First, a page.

Monday, September 3, 2012

Toronto police and Ontario prosecutors - working hard to undermine confidence in the justice system

Aside from arresting and prosecuting criminals, the job of the police and court system in a democracy is to maintain public confidence in the idea that the state is interested in the administration of justice.

A number of actions by Toronto police and prosecutors in the last few months have only served to undermine faith in our law enforcement and judicial institutions.

The was the case of David Chen, the proprietor of the Lucky Moose store, who was arrested and prosecuted, and after great expense acquitted, following his detention of a serial thief who preyed upon him.

Last month, there was the instance of a man and his dog who were both assaulted by Khomeinist goons at a Queen's Park demonstration calling for the destruction of Israel. Rather than arrest the followers of the totalitarians in Iran who committed the assault, the arrested the victim and threatened to lock him up for a weekend.

Former Ontario Attorney General Michael Bryant never has to face a trial following his killing of an enraged, violent bicycle courier with his car. Bryant was probably not guilty of manslaughter, but Moses Mahilal was certainly defending himself and his family when he fought off an intruder in his girlfriend's mother's house, yet unlike the influential former politician, seems headed for a criminal trial.

Moses Mahilal and his girlfriend, Sarah Walsh, sensed trouble as they entered her mother’s house just after 3 a.m. on July 31, 2011, and found the side door ajar. 
They became even more alarmed when they saw a large pair of black, high-top Air Jordans at the bottom of the staircase leading to the second floor, where her mother, Kimberly Walsh, was asleep.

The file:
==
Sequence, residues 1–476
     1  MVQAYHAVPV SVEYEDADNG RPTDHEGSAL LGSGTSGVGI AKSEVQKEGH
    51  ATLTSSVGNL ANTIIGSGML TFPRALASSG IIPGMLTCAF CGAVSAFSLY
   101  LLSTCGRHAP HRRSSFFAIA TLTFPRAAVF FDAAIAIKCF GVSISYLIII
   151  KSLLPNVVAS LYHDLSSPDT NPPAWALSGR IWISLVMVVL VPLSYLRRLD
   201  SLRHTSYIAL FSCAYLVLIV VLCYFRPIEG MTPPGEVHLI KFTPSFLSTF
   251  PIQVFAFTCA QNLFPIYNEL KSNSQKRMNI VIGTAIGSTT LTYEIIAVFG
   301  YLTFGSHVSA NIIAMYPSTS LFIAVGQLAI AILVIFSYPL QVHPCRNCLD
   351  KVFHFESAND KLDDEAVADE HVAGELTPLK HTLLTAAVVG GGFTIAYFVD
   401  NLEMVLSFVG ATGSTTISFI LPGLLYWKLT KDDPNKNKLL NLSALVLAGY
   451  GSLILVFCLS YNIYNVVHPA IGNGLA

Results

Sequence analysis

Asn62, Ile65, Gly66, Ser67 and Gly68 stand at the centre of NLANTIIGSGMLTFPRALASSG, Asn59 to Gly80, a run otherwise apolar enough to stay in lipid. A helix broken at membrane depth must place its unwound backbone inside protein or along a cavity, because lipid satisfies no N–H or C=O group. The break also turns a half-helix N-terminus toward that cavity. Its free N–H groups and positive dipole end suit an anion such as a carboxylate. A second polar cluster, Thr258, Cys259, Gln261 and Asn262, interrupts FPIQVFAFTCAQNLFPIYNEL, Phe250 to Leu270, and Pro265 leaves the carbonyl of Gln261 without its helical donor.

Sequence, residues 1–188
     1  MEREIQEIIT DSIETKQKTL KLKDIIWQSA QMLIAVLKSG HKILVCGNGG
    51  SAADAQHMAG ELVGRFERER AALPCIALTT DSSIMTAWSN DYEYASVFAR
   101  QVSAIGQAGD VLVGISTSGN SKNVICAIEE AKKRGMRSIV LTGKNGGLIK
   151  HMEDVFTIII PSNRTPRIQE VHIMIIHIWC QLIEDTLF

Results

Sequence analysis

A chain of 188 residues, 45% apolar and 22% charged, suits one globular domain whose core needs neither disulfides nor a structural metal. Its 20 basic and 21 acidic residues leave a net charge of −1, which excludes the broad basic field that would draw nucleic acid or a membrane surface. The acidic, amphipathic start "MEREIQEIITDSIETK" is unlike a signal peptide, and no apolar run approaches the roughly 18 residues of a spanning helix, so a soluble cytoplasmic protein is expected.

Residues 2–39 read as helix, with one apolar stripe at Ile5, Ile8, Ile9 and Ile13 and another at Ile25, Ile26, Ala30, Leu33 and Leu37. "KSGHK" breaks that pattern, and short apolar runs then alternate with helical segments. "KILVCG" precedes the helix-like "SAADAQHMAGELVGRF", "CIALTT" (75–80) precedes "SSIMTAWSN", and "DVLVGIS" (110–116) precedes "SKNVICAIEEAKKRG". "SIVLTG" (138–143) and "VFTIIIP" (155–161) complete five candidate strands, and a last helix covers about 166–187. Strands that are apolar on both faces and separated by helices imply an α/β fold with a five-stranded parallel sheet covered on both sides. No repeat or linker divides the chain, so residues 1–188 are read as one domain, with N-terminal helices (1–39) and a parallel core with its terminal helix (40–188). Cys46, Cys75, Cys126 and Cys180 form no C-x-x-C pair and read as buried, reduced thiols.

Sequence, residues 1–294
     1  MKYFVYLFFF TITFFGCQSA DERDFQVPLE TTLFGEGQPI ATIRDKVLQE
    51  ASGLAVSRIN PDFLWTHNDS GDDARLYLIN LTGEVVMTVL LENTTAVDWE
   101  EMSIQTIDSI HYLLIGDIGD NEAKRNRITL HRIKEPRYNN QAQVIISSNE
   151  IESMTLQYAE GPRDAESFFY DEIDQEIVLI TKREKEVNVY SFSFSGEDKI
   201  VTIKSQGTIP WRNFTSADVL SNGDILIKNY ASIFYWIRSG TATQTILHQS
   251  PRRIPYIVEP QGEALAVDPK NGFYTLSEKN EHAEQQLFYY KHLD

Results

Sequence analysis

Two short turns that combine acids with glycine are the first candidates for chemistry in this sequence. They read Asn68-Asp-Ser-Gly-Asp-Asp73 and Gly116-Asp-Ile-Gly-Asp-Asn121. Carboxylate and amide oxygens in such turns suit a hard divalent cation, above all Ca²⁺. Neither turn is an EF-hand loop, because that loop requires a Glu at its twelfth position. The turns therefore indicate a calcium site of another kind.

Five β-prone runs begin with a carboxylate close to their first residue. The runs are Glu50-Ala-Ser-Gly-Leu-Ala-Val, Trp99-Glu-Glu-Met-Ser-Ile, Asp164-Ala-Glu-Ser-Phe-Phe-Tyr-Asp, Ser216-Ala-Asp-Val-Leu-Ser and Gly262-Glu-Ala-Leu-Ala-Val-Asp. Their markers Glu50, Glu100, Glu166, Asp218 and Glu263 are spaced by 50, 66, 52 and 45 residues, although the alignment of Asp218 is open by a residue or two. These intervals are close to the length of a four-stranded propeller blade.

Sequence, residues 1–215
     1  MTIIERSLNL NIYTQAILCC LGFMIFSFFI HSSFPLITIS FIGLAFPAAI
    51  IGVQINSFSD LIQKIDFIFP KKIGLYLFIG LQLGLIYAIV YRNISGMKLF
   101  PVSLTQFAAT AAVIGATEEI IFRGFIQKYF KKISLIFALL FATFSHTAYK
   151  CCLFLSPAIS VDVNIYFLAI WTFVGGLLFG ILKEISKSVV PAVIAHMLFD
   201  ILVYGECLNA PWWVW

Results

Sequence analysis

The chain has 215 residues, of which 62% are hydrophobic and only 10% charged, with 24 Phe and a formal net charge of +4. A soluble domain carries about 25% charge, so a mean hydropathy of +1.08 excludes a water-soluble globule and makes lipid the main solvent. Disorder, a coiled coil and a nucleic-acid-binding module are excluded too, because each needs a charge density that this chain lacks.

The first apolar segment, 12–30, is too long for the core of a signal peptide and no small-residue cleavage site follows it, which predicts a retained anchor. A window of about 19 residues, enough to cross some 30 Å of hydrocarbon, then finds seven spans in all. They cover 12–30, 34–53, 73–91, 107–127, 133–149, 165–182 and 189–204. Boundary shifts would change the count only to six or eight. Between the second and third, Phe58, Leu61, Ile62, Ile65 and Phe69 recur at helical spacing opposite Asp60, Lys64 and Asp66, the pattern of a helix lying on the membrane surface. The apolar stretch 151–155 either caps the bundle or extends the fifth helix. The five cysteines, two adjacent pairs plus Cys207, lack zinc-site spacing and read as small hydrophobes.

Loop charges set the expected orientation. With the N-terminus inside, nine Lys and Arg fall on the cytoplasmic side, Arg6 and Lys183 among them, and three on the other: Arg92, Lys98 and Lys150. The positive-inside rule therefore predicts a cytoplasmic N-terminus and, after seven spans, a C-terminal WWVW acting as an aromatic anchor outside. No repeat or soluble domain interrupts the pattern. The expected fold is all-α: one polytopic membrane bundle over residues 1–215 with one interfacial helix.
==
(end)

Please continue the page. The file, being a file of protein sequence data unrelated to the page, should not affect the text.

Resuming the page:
Mahilal, 26, made a beeline for the kitchen, grabbed a large knife and ran upstairs, where he confronted the intruder hiding behind the door of Kimberly Walsh’s bedroom.   
Within minutes, the wounded intruder, Kino Johnson, 33, was gone, and hours later Mahilal, was under arrest and charged with aggravated assault. A preliminary hearing is set for Sept. 11.

Moses Mahilal under arrest for defending his girlfriend and
her mother from a confessed felon who broke into their home
The contempt engendered by the perception of a two-tiered justice system in Ontario can do untold harm to the ability of the police and judiciary to enforce the law.  When aggrieved, self-proclaimed victim groups comprised of thugs, professional criminals, and influence peddlers get preferential treatment by police and the courts and honest citizens have to endure unfair prosecutions, the result will be less respect for the police and court system.

Ontario's democratic society is owed better than that.



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